I think MS clearly shows in the preview movie itself where this is headed: look at 0:24 in the movie ;-)

    1. Shagbag

      Re: Incomplete article

      thx 4 the link. I checked it out and at 0:53 it subtitles "Screens Simulated". WTF is that???? The rest of the video is pretty uninspiring but that bit just took the biscuit. It seems that MS is eager to market its products before they're even in existence (eg. Surface).

    2. Oodles of Noodles

      Re: Incomplete article

      too long and far too boring

    3. PhilipN Silver badge

      Re: Incomplete article

      Bug Report?

      Is someone at MS taking the piss?

    4. h4rm0ny

      Re: Incomplete article

      "As we all feared the whole kaboodle sits in Metro"

      I am literally running the preview right now and the first thing it did when I launched it was open in the Desktop.

      1. Dave 126 Silver badge

        Re: Incomplete article

        >And really; a round 'dial' pop-up menu ?

        AKA a Pie Menu... apparently they are only in OneNote at the moment, but may be in other Office applications in the future.

        In CAD software, Pie Menus can be very good, adding very quick access to eight tools without getting in the way of anything else. You still have a normal R-mouseclick context menu, the radial menu is hold R-mouse and drag.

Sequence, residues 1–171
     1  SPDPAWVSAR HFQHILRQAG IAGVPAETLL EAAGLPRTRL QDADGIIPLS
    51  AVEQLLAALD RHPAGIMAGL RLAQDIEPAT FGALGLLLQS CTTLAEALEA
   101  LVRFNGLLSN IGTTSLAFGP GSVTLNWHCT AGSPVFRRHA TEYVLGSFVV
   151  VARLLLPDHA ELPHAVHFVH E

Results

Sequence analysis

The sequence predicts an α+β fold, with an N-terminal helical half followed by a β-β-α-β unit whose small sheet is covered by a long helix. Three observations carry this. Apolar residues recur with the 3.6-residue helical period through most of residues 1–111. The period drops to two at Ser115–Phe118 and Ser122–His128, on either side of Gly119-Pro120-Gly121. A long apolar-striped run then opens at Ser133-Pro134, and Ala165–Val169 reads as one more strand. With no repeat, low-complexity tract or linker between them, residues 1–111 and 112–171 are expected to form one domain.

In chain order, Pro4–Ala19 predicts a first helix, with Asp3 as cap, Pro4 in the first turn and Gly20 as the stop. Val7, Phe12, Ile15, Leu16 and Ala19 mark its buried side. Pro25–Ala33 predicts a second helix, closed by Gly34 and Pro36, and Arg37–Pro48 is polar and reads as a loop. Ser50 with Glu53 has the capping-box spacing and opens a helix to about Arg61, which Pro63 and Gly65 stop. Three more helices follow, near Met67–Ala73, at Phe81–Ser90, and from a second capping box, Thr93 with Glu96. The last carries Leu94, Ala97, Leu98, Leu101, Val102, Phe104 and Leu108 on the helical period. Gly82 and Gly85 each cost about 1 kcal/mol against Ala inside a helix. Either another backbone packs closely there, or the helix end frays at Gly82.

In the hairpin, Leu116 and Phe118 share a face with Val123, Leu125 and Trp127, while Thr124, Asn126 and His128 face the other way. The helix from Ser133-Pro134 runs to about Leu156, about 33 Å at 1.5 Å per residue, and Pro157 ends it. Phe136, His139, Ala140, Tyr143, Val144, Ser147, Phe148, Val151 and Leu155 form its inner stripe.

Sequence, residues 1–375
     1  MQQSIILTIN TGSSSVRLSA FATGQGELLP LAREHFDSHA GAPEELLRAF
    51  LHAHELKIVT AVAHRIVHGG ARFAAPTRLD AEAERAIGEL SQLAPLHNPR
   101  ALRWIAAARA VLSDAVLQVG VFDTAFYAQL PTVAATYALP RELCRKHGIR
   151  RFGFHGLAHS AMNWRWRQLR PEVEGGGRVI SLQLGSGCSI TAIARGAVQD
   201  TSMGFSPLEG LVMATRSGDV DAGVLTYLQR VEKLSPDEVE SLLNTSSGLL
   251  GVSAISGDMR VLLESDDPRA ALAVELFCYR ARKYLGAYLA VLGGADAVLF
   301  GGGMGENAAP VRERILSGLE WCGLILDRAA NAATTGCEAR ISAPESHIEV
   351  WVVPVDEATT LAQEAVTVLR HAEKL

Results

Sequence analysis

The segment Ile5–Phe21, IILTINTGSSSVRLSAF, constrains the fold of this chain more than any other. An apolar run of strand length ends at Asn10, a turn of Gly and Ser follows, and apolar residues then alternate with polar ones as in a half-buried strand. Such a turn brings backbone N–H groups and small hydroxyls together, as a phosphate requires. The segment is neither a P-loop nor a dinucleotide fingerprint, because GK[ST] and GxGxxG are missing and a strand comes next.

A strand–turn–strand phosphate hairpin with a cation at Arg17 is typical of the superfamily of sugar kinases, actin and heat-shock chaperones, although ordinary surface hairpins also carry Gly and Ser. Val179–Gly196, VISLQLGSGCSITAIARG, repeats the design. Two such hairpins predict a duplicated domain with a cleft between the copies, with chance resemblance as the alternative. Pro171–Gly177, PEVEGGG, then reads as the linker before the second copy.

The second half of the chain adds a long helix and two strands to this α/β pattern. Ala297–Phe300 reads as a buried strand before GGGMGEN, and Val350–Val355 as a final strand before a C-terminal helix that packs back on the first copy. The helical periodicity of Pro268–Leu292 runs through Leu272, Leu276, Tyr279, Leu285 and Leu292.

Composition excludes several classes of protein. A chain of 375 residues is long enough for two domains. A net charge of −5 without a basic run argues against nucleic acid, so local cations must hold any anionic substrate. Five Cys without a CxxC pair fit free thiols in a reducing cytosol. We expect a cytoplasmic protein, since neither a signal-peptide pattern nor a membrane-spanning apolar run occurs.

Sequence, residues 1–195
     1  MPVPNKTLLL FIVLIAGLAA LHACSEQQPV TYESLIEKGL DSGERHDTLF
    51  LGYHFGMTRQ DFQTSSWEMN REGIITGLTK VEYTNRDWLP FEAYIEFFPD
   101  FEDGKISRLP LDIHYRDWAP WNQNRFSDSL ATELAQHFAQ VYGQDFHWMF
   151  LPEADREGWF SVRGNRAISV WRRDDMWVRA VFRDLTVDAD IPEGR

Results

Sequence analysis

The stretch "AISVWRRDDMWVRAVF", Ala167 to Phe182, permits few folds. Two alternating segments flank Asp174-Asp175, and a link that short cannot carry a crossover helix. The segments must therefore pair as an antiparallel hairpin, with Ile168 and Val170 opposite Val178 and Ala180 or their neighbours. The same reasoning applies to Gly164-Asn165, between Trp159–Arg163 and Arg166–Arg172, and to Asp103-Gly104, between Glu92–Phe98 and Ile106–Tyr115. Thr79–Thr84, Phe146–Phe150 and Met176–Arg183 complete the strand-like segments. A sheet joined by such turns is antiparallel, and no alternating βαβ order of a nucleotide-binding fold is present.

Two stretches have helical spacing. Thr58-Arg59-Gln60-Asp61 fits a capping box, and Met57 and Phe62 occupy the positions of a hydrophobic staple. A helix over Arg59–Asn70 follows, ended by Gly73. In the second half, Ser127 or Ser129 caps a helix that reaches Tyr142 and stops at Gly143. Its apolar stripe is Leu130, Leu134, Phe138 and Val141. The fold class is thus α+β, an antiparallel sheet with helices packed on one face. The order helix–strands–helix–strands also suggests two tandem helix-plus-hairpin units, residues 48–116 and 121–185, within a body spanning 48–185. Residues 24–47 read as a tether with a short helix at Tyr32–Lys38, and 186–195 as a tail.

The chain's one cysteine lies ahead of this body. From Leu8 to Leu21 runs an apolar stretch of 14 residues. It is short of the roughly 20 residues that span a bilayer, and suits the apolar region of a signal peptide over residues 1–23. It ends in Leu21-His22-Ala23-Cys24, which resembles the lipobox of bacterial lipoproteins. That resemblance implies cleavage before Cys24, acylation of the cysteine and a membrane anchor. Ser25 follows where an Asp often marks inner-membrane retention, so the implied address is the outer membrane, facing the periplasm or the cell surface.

I'm not sure how much pie menus would add to Office (common tasks already have well-established keyboard short-cuts) but they can't do any harm, since they don't get in the way of other functions.

      2. h4rm0ny

        Re: Incomplete article

        Two downvotes for a simple factual correction saying that Office 2013 runs on the Desktop, not in Metro. Says it all about some people's kneejerk bias. Operating Systems and software suites are not football teams.

  14. Trevor_Pott Gold badge

    Poking at the preview

    ...asdf...

  15. Captain DaFt
    FAIL

    Give us a name, Ballmer!

    I get the impression that you promoted a Fine Arts graduate to the head of the Design department after discovering him/her working in the the cafeteria pool.

    Please tell us who this person is so that the rest of the corporate world will know who to never, EVER place in such a position again!

  16. Kirstian K
    Flame

    Me Thinks :